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Antique Motorcycle’s Winter Road Run

Indian Summer — in March! Three Indians from 1947 and 1951 bask in the California sunshine.

With over 11,000 members in more than 70 chapters across the U.S., Canada and Mexico, it must also be the biggest club of its kind. The Club organizes numerous National Meets and Road Runs each year, but individual chapters also put on regional events — like the Southern California chapter’s annual Winter Road Run.

 

Crocker “Big Tank,” c.1940 (top); Todd Cameron’s Cross-Country Chase-winning 1930 BSA 493cc “Sloper” (bottom)

Riding opportunities are a bit thin in early March in much of North America, but not so around the Anza-Borrego Desert in Southern California, where temperatures can climb into the 80s in early Spring. The Desert is close to the Salton Sea, one of the lowest points in the nation at -236 feet — and one of the hottest.

Getting going

On a sunny weekend in early March, I venture across the desert from my temporary digs in Palm Springs to check out the Winter Road Run. I find the parking lot of the Borrego Springs Resort full of vintage motorcycles, mostly American, but with a good selection of British machines as well as a few European and Japanese. True to the “antique” character of the club, many of the bikes are older than their owners, and a large number unrestored — both bikes and riders! And while most machines were no doubt trailered in, there are very few “trailer queens.”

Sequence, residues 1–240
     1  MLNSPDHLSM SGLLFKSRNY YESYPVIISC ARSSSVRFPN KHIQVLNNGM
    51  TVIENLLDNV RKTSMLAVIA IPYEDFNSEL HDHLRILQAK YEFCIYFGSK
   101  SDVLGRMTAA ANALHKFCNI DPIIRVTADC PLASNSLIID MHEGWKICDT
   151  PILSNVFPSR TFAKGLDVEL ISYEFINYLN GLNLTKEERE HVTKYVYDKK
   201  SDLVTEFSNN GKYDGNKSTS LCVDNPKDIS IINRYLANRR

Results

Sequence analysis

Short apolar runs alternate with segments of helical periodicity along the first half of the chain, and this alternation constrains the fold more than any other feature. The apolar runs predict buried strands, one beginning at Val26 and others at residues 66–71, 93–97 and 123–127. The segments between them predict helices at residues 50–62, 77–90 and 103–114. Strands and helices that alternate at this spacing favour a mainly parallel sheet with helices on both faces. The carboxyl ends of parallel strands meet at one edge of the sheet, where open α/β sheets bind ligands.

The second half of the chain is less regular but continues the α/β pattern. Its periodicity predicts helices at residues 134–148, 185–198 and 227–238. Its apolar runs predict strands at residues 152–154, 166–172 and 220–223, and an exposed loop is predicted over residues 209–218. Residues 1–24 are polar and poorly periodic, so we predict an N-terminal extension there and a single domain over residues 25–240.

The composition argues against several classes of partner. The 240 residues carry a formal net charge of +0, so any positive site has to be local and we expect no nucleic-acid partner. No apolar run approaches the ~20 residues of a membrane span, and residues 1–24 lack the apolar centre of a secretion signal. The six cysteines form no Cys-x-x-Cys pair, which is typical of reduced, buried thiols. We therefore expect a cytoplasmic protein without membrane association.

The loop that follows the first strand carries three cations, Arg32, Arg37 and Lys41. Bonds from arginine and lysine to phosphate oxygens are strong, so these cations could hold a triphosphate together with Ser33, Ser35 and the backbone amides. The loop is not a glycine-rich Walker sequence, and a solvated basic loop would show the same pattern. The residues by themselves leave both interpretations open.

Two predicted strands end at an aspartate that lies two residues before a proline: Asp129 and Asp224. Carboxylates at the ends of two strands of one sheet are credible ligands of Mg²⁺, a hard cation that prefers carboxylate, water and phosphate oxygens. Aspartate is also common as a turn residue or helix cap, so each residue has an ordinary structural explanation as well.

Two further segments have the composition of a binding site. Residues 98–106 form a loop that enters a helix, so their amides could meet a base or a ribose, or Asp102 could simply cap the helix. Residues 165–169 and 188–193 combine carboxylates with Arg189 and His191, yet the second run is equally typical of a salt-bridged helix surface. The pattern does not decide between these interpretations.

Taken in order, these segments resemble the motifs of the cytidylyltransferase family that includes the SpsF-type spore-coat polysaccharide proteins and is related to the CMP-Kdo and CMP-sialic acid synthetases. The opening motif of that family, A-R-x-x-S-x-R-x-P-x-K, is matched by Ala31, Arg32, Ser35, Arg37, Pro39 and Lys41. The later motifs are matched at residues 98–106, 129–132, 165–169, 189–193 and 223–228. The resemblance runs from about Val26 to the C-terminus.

1972 Yamaha 100 Twin Jet (top); two Harley-Davidson twins, c.1938 EL Knucklehead and 1960 Panhead (bottom)

The bikes get ridden, too. Planned for the day I was there — a 62-mile round trip ride from Borrego Springs to Julian, California. This includes the climb over Yaqui Pass, and the tortuous, winding ascent on Banner Grade, riding Highway 78 to the cliff-top town, an elevation gain of 4,000 feet. That wouldn’t faze a modern motorbike, of course, but with some of the machines taking part pushing a century in age, it could be more of a challenge. With overheating always a risk, a mid-ride stop at Banner Recreation Ranch allows ancient engines the chance to cool down and catch their breath.

And for the riders, there is also a reward at the destination: Julian is famous for its fruit pies. A la mode, anyone? MC

Indian Scout c.1938 (left); 1920s H-D JD with sidecar (right)

1973 Triumph Bonneville 750

1926 Excelsior Henderson Four (top; Harley-Davidson JD c.1928 (bottom)

Published on Jun 9, 2020

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